5 Westernised Dishes That Chinese Chefs Will Never Order

These are the dishes first- and second-generation Chinese restaurant kids know not to order.
Orange chicken is one of the quintessential "American Chinese" dishes.
TheCrimsonMonkey via Getty Images
Orange chicken is one of the quintessential "American Chinese" dishes.

When I was younger, I was made to feel really embarrassed that I had to help out at my parents’ Chinese takeout restaurant in suburban Long Island, New York. I hated that I was a living stereotype, escaping into schoolwork at the tables in the waiting area to get out of tasks like stapling boxes and bagging fried noodles. I resented that I had way more daily parental supervision than my classmates who lived the freer lives of latchkey kids. I was mortified that kids didn’t want to sit next to me on the bus because my winter coats smelled like old fry oil.

Moreover, I felt provincial that, no, I’d never had chicken nuggets before I’d started school, cheeseburgers were a special treat and pizza was for parties. And therein lay the rub.

Because, although those are far from “healthy” foods, popular American culture indoctrinates in us that Chinese food is inherently unhealthy. But that’s simply not true. What is true is that a typical Chinese diet is very veggie-heavy and that many of the dishes Americans think of as quintessential Chinese are actually Americanised Chinese dishes adapted to Western tastes out of necessity. A mainstream market for “authentic” Chinese food simply didn’t really exist when I was growing up.

Legendary “Iron Chef” Ming Tsai told HuffPost, “When Chinese food was Americanised, the ratio of protein to vegetables changed. Americans want more protein, less vegetables. [Yet] the reason Asian cuisine is so healthy is the higher ratio of vegetables to protein in their dishes because protein is much more expensive” and scarcity made meat more of an accent than a showpiece.

However, “in the ’80s, we didn’t think much about the consequences of our consumption,” explained Justin Lee, the chef and co-founder of Fat Choy, a New York Times-recognised “kind of Chinese, also vegan” restaurant in Englewood, New Jersey. It’s was just how our people ate.

Kevin Chanthasiriphan, co-founder of the revolutionary high-protein, low-oil Immi instant ramen noodles, and whose family ran Thai-Chinese restaurants, echoed that sentiment. “My parents didn’t really understand nutrition very well, so they kind of let me eat whatever I wanted to eat, but their only request was that I have a serving of vegetables alongside my food.”

So the dishes that many think of as representative of Chinese food are actually another genre: American Chinese regional cuisine.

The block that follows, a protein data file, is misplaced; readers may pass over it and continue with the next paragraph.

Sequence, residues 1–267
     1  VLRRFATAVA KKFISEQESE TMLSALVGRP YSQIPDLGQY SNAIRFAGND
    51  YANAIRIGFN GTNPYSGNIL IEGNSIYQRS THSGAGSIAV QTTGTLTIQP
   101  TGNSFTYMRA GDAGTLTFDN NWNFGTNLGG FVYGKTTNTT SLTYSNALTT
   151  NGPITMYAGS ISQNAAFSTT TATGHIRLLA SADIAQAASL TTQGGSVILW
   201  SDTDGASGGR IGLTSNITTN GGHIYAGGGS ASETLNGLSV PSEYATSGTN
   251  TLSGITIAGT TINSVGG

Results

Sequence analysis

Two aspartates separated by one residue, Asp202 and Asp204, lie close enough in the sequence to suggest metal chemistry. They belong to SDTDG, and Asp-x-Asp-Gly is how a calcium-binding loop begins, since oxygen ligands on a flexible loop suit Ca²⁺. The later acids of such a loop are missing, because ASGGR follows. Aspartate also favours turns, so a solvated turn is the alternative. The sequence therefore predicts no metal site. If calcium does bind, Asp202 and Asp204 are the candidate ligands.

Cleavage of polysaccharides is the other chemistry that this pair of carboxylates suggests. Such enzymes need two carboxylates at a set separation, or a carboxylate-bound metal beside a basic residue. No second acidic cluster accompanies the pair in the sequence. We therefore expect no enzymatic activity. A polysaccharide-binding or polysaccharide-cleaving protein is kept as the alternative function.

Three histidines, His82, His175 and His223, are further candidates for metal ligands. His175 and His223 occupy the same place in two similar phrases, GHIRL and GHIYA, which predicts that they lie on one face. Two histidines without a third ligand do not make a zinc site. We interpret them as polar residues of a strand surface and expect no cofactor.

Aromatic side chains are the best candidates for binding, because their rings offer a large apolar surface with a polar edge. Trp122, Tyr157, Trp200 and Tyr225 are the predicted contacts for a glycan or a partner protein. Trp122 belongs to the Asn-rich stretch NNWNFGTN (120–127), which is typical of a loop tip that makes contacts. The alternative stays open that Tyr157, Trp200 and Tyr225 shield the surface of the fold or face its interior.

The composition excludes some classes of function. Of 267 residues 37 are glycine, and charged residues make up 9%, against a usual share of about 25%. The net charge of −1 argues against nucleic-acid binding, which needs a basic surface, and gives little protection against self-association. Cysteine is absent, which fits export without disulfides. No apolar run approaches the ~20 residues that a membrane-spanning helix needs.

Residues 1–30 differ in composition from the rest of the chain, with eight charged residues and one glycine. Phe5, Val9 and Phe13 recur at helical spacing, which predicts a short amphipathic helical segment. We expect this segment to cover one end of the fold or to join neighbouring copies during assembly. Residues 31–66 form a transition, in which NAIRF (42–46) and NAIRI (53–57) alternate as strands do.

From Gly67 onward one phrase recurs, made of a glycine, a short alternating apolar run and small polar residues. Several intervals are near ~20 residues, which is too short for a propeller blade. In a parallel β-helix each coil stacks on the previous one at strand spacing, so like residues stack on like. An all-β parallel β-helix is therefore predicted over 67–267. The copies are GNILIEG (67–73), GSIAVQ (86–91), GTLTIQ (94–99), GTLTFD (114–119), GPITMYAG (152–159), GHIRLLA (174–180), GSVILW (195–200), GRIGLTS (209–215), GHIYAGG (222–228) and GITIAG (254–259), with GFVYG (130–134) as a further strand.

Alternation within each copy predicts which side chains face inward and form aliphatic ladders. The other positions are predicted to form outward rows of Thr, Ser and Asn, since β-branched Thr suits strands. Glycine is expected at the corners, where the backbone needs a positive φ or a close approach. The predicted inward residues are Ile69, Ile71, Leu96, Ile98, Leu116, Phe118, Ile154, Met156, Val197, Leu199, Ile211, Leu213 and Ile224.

Many of those creations, products of consumer demand, have been historically skewed toward the craveable deep-fried, sweet and battered routes we Americans love so much, and heavy on sugar, sauce, protein and carbs.

Now that Americans are becoming more health and nutrition conscious, first- and second-generation Chinese American culinary pioneers are looking to change that. Not only did it inform the careers of Chanthasiriphan and Lee, this vegetable-forward approach was a hallmark for Mike Wang as well, using it to transition from cardiothoracic surgery to found Mógū Modern Chinese Kitchen, now a fast-growing fast-casual American Chinese concept on Long Island that uses smart tech to make Westernised takeout favourites more heart-healthy.

With contemporary attitudes and awareness in mind, there are a handful of old-school American Chinese dishes that Tsai, Lee, Chanthasiriphan, Wang and I feel a little guilty or just funny about ordering for health reasons.

Chef Kevin Chanthasiriphan says crab Rangoon is "a very interesting and uniquely American dish. It has a Burmese name, but it’s definitely not Burmese food.”
Joshua Resnick / 500px via Getty Images
Chef Kevin Chanthasiriphan says crab Rangoon is "a very interesting and uniquely American dish. It has a Burmese name, but it’s definitely not Burmese food.”

Crab Rangoon/Cream Cheese Wontons

By no token of the imagination are these an actual Chinese appetiser. Chanthasiriphan noted, “This is a very interesting and uniquely American dish. It has a Burmese name, but it’s definitely not Burmese food.”

According to most sources, the origin is traced back to Victor Bergeron, whose Trader Vic’s restaurant and heritage are not Chinese whatsoever. In fact, the first time I ever had one of these, I was 12 years old. It wasn’t until I visited my Canadian Cantonese uncle’s family restaurant that I first heard of these deep-fried, flower-shaped pouches of hot, bubbling cream cheese and imitation crab, zesty with diced onion and scallion.

Before long, everyone was adding them to their Chinese takeout menus, and my parents were no exception. However, my mom would cringe when I hankered for them.

“There are egregious amounts of sugar in most of these; I’ve definitely tasted sugary crab Rangoon filling,” Lee said. On top of that, like most Asians, Chanthasiriphan said, “my family is lactose intolerant, so we rarely ever order this dish!”

Sesame Chicken/General Tso’s Chicken/Orange Chicken

The technique used to make these dishes is one of the most dramatic to watch. I would be awed as my dad or cousin scooped a ladleful of pure white sugar and mix it midair into the chicken and sauce as they flipped the wok with the other hand, flames roaring from the uncovered burner. However, this impressive feat is one of the things that made my parents limit how often I could eat this American favourite. The amount of sugar required to make the sauce as thick, syrupy and sweet as American palates like is alarming.